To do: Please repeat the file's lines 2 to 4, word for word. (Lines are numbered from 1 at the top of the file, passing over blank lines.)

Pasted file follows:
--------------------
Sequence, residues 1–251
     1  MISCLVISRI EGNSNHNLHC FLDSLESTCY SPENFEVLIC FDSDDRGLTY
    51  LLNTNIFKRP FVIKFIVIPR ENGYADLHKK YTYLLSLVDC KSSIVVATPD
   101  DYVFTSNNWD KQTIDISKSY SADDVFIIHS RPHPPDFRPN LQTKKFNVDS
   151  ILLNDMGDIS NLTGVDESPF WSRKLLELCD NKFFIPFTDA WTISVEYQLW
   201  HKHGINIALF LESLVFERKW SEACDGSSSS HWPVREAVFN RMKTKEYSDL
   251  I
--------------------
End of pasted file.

     1  MISCLVISRI EGNSNHNLHC FLDSLESTCY SPENFEVLIC FDSDDRGLTY
    51  LLNTNIFKRP FVIKFIVIPR ENGYADLHKK YTYLLSLVDC KSSIVVATPD
   101  DYVFTSNNWD KQTIDISKSY SADDVFIIHS RPHPPDFRPN LQTKKFNVDS